Across Three Continents
An Indo-Guyanese Family Experience

by Joseph S. Persaud. Palm Tree Enterprises, 304pp. Bartlett, IL, USA. 2002. ISBN 0-9723647-0-6
(Author: 630-372-0996. jspersd@juno.com)


Reviewed by Seopaul Singh

In documenting his memoirs in Across Three Continents the author, Joseph S. Persaud, was enamored with his boyhood recollections of the transplantation of his grandfather, Sadhoo, into British Guiana in 1878; and more so with his grandfather's accounts of the Indenture system. He wrote, "Most of my stories about my roots, however, came from my grandfather with whom I used to have many conversations." In his retrospection, this presented the basis for a parallel comparison of his own migration to the USA, and thus the span of three continents by his family – from India to South America by his grandfather, and from South America to North America with his immigration. The book also presents the story of the development of the family tree spanning four generations – his grandfather's, his father's, his own and his children's. The seed that germinated into that family tree was his grandfather Sadhoo.

Persaud gives a quick review of the family status since his migration in 1944 to the USA to further his education. After admittedly disappointing his father, he made a reconciliatory visit back home in 1960. This was the last time he saw his father alive. Then after years of persuasion by a life-long lawyer-friend, Milton, he finally planned a follow-up visit after the 1992 elections in Guyana. He noted, "My reluctance to visit Guyana for the past thirty years was also based on the political situation in the country." He briefly describes the political struggle for independence, which actually started in the fifties, and resulted in the split of the PPP.

The author, having spent much of his boyhood at the feet of his grandfather Sadhoo, attempted to chronicle his memoirs building upon the recollections. Sadhoo was born in Joreworepore, Luknow, India, in 1854. Persaud quickly sketches Sadhoo's experience of the prevailing poverty and famine of the nineteenth century India, which leveled everyone regardless of caste to a common goal – 'work'. His grandfather recalled a major deception, "The recruiter told him exaggerated stories of a life of abundance in a place called Demra (Demerara)." The lure of a paying job in Demra for a contract of five years was incentive enough. In the people's desperation to find a better life for themselves and their families, they willingly made the foolhardy decision to cross the "kala pani" (black water).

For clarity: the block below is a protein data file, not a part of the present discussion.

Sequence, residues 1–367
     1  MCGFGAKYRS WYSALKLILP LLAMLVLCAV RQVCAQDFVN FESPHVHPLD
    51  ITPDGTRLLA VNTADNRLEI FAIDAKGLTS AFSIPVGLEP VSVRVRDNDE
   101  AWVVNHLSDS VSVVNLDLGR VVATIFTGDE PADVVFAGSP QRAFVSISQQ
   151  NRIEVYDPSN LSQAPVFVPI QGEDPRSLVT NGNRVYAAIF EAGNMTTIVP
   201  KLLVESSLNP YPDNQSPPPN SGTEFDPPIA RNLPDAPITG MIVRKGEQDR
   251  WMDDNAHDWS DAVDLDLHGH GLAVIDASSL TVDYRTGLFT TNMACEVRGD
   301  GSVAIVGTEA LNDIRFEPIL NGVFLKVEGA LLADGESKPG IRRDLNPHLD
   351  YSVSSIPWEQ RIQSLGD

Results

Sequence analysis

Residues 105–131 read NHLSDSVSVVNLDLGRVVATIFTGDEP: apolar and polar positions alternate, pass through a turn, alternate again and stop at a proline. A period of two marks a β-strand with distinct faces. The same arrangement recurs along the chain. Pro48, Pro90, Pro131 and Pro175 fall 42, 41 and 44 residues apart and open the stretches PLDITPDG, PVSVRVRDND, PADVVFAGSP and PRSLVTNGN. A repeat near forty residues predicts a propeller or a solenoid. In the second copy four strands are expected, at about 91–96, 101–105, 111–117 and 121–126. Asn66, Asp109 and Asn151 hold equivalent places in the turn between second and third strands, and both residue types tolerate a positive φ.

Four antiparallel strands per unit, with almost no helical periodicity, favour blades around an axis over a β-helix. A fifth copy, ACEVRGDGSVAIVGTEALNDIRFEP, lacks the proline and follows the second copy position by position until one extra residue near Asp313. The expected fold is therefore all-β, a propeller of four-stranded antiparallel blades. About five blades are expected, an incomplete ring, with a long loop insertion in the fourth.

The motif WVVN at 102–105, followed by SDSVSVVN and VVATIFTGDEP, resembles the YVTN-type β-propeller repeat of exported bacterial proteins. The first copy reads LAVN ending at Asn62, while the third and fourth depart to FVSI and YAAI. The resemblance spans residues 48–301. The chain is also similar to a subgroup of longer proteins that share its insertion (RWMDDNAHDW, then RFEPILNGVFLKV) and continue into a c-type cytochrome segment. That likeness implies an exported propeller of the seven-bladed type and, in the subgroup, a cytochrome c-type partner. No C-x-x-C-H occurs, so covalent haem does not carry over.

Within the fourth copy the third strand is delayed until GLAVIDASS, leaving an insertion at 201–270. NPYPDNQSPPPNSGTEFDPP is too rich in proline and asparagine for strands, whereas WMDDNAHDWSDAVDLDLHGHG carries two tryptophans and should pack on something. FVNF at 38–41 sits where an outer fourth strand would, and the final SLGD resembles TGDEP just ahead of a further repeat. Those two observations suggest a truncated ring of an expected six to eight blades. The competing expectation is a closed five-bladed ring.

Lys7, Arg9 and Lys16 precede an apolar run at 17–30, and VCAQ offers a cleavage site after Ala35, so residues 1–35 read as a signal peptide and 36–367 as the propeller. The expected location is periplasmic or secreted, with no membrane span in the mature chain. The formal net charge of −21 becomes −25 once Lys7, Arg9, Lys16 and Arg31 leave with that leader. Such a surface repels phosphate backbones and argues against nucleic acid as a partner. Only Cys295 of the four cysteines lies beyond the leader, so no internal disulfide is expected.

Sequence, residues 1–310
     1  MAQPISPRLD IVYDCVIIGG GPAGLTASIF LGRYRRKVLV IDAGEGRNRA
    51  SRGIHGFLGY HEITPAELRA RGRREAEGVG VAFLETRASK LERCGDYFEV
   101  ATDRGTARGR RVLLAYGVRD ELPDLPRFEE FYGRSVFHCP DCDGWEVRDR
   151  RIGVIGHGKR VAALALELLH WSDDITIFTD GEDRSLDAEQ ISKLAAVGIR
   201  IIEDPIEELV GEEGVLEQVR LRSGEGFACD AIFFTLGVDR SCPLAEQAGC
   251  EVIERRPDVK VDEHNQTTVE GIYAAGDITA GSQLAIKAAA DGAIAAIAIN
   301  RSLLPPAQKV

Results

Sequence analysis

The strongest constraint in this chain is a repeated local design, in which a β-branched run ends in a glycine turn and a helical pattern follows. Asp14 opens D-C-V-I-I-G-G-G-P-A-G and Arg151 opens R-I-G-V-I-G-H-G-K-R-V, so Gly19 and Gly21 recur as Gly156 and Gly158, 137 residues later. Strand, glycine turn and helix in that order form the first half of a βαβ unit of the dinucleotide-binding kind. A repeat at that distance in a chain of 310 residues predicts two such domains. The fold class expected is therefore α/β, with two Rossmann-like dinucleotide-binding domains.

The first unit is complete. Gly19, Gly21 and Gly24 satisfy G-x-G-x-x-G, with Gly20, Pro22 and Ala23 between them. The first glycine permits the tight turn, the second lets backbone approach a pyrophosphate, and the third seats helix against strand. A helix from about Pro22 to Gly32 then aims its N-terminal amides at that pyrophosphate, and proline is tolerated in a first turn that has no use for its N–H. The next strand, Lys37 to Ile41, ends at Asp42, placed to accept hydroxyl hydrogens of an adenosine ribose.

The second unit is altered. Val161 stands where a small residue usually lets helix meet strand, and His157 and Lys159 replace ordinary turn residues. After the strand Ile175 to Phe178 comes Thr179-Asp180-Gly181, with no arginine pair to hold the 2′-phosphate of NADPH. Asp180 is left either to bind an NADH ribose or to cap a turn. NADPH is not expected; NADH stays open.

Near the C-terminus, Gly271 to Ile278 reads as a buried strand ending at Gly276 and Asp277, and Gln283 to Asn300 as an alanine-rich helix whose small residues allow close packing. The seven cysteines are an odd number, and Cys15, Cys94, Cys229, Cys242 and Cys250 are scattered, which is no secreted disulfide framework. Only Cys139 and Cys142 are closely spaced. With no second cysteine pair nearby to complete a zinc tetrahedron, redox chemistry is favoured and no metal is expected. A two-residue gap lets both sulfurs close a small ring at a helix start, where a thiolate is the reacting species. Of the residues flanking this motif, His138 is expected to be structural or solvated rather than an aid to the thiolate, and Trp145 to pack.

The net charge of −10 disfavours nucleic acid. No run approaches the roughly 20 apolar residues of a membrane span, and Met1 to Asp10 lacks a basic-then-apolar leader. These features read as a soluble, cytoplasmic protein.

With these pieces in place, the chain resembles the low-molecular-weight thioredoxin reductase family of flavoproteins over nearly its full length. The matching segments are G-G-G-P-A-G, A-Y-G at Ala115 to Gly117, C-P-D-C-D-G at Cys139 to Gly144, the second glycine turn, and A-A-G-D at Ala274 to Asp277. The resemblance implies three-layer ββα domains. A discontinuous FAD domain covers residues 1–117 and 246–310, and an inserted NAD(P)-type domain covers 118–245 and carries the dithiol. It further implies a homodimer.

In an almost straightforward narrative, Persaud walks the reader through the paces of selection and recruitment at one of the depots in Benares, India. He recounted Sadhoo's words, "Upon making this commitment, the recruiter took him to Benares, where he languished for about a week until the head recruiter dispatched him and some others by train to the main depot at Garden Reach in Calcutta." The recruits' objective to enlist with the ‘arkhatis’ was nudged on by the yoke of famine and abject poverty which were fast engulfing their homeland. The reader is introduced to the 'depot' life of the recruits – their suffering, desperation, apprehensions and misgivings. Sadhoo remembered, "The Depot had a hospital and a dispensary to take care of those recruits who were sick when they arrived…most of the recruits were weary and dehydrated to the point of collapse after experiencing severe hardships to get there. Some suffered cholera, dysentery, or diarrhea (and sometimes all of the above), and they had to be hospitalized."

Across Three Continents may yet be a single unparalleled account of the Indenture System by a third generation Guyanese. The author takes the reader on board the Malabar in 1878, journeying with the huddled masses in cell-like compartment, once the berths of slaves. The reader finds that Indians indentureds were transported under similar conditions as the slaves endured. The only change was in the human cargo of replacement labor, direly needed for the survival of the sugar plantations. The information imparted is invaluable to understand what Indian indentureds went through as the Colonials sought to use them as substitutes for the manumitted slaves.

Boarding the Malabar at 5:00am on November 1878, "… was sight to behold…everyone moved with reluctance gazing into space…." The author quotes Sadhoo, "Dissatisfaction could be seen in all their faces as the 250 souls aboard the Malabar – about four women to every ten men – silently tried to claim their share of the cramped living space…. The staff helped everyone 'get settled' into their scant living quarters…each immigrant …was entitled to seventy-two square feet of living space.